Darren Samuelsohn takes a look at the much-maligned securitization fraud task force, which has come under criticism for, well, not doing much of anything since coming into existence. Let’s see how the leaders of the effort have responded to all that criticism.
“People are very angry that the only person who’s been to prison is Martha Stewart,” said Democratic pollster Celinda Lake, referring to the insider trading charges against the home-improvement celebrity [...]
Senior administration officials and New York Attorney General Eric Schneiderman said they’re busy behind the scenes doubling their team to more than 100 federal and state financial experts and drawing on staff in 10 U.S. attorneys offices around the country. Matthew Stegman, an assistant U.S. attorney, has been tapped as the group’s lead coordinator, according to three sources familiar with the task force’s work.
The unit has also delivered more than 20 civil subpoenas, collected more than a million documents and deposed many witnesses as it digs through the work of bankers, mortgage brokers, appraisers and others who from about 2004 to 2007 helped millions of Americans buy homes they couldn’t afford at prices that didn’t match their property values — all while bundling the mortgages into securities for sale to investors.
So all the caterwauling has led to 50 more investigators. The task force delivered something like 12-13 subpoenas on the first day, so in four months they’ve managed to issue 7 or 8 more. A million documents sounds a lot more impressive than it is when you’re talking about mortgages and securitization.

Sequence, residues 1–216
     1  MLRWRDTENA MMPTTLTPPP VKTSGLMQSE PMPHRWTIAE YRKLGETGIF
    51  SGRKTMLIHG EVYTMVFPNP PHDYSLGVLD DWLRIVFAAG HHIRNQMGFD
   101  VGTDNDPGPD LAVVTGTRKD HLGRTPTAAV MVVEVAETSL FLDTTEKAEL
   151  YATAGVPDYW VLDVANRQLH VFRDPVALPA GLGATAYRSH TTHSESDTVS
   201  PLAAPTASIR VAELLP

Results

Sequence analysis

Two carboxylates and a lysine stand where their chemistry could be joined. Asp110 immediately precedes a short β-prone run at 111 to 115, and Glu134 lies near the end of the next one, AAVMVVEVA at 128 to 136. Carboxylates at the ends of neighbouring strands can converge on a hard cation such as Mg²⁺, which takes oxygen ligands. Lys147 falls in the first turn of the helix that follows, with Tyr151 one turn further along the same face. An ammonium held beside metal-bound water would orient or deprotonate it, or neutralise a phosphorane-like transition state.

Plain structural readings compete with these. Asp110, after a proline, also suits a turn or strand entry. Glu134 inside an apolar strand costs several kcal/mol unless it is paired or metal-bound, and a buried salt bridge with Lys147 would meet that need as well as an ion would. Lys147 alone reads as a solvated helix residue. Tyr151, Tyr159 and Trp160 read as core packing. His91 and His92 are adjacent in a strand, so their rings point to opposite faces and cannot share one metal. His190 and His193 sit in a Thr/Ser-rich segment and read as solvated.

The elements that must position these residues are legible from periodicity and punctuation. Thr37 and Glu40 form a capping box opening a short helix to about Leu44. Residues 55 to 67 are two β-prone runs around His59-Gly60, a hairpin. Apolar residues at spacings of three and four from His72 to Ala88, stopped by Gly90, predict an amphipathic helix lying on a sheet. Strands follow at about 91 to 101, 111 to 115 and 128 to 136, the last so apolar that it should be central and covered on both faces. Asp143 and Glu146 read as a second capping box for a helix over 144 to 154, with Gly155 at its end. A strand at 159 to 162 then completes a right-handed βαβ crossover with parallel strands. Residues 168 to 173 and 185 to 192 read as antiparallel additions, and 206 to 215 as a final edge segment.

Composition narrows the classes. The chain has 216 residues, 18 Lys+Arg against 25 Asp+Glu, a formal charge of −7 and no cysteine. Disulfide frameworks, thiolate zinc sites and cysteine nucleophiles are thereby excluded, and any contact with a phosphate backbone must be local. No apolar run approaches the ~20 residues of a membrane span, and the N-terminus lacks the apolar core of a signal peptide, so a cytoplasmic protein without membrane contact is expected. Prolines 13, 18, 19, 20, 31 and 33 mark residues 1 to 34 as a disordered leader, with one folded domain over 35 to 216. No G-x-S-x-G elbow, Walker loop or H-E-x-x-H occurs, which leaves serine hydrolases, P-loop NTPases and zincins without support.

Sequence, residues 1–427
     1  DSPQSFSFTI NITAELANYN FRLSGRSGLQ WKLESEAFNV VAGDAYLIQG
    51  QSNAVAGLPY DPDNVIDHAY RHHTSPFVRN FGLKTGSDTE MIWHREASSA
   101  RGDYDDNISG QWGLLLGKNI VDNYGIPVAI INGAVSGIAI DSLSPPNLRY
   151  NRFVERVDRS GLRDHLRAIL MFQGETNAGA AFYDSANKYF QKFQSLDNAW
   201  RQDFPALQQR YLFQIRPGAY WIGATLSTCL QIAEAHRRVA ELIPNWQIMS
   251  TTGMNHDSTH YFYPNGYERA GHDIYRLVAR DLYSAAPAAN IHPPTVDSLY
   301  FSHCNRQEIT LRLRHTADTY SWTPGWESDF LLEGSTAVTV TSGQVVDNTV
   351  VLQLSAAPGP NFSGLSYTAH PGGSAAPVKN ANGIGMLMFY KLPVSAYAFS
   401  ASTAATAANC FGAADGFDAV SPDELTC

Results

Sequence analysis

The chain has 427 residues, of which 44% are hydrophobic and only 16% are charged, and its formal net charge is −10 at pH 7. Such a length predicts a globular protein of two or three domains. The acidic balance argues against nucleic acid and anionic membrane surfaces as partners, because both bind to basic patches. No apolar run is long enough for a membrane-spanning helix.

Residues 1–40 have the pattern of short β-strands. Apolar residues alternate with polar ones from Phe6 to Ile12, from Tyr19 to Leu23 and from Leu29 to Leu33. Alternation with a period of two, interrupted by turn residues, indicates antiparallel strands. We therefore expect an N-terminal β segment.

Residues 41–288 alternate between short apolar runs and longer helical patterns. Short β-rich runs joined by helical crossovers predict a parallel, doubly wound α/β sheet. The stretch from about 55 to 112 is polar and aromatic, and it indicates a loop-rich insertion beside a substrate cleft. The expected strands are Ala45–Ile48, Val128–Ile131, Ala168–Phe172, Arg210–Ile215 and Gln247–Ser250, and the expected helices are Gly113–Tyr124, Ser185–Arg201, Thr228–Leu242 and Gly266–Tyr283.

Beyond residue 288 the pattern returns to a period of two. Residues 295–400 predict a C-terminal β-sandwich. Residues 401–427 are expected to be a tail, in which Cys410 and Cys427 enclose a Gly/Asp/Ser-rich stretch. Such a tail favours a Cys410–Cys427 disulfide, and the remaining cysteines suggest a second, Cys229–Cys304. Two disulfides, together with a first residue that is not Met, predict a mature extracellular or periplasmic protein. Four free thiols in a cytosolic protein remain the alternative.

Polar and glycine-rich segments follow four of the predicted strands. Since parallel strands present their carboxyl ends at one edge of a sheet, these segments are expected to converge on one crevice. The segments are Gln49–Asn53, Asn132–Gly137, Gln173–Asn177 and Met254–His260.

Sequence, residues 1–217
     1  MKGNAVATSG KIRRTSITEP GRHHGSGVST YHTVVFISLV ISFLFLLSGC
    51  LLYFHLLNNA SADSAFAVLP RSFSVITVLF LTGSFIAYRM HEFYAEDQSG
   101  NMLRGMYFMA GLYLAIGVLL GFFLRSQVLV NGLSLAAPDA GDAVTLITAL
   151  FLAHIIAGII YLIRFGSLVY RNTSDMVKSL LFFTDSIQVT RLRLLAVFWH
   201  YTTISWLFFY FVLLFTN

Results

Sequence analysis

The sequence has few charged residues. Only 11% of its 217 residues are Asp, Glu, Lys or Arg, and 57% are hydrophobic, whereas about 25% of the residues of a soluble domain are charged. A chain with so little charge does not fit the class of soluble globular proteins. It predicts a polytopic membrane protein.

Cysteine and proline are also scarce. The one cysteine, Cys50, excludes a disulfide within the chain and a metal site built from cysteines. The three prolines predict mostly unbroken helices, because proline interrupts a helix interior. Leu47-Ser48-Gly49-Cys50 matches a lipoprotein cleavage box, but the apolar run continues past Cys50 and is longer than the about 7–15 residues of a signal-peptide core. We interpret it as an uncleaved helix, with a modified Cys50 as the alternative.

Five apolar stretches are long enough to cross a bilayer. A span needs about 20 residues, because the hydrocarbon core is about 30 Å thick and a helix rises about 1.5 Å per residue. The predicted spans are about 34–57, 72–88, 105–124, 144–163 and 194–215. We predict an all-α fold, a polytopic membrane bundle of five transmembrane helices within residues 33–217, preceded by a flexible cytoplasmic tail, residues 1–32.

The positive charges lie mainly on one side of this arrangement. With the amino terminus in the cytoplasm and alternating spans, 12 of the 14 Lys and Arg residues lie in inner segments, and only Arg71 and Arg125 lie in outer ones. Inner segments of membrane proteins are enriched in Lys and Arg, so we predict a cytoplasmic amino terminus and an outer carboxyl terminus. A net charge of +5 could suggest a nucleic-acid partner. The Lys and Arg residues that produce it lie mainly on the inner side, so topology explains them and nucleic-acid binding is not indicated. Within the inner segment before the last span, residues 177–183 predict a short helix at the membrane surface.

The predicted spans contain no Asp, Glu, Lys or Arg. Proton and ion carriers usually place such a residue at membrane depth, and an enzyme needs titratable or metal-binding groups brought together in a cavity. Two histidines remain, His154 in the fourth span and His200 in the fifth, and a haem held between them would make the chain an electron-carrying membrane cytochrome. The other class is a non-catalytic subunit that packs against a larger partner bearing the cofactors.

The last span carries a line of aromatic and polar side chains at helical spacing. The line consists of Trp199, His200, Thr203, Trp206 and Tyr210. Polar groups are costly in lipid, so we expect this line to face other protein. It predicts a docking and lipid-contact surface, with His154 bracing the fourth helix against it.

As for Stegman, he’s a bit of an unknown. I could dig up that he worked on a couple mortgage fraud cases with the larger financial fraud task force. These are penny-ante “foreclosure rescue” scams, where people misrepresent themselves to homeowners and take money from them in exchange for empty promises to get them a loan modification. In other words, the crimes Stegman has been working on bear almost no relationship to securitization fraud. It’s like getting a prosecutor who worked on a bank holdup case to work on insider trading.
Anyway, Stegman is a coordinator. As SEC head of enforcement Robert Khuzami made clear the coordinator won’t do any investigating. “Most of the investigative work being done here is not really being done by a staff that belongs to the task force, it’s being done by the individual investigative groups that make up the task force.” The coordinator will run errands and type up lists.
The co-chairs of the task force are asking for patience, saying that complicated cases such as this take time. Advocates are disturbed that it took four months to hire a lead investigator who won’t even be an investigator. And they are disturbed by the other empty promises that have been made on housing. For example, from the article:
Other Obama efforts include a program that’s helped more than 1 million distressed homeowners escape default and foreclosure by lowering monthly payments. The same template has helped nearly 3 million more through other government and private services, a dent into the problem for some 11 million Americans who owe more on their mortgages than their homes are worth.
That’s really an absurd statement. This takes credit for not only every mortgage modification made over the last three years, since this number has been quoted to me, I know that it takes credit for TRIAL modifications, which evaporated a few months down the road and trapped borrowers, forcing them to choose between immediate payment of the difference between the trial loan and the original loan, or foreclosure. How this should be counted as “helping” anyone is bizarre.
I think this assessment by one anonymous source in the story is more accurate:
A government source working on housing issues said the unit is struggling in part because of a lack of commitment from the White House since its roll out in the State of the Union, citing a leadership vacuum since DOJ Associate Attorney General Thomas Perrelli left the Obama administration in February.
“It’s not happening at the level that it should be happening,” the source said. “There’s no person with juice at the federal level that is banging heads and making sure things are happening the way they should.”
Everything else is just PR.
More from Dean Baker on how you would handle this kind of task force if you were serious.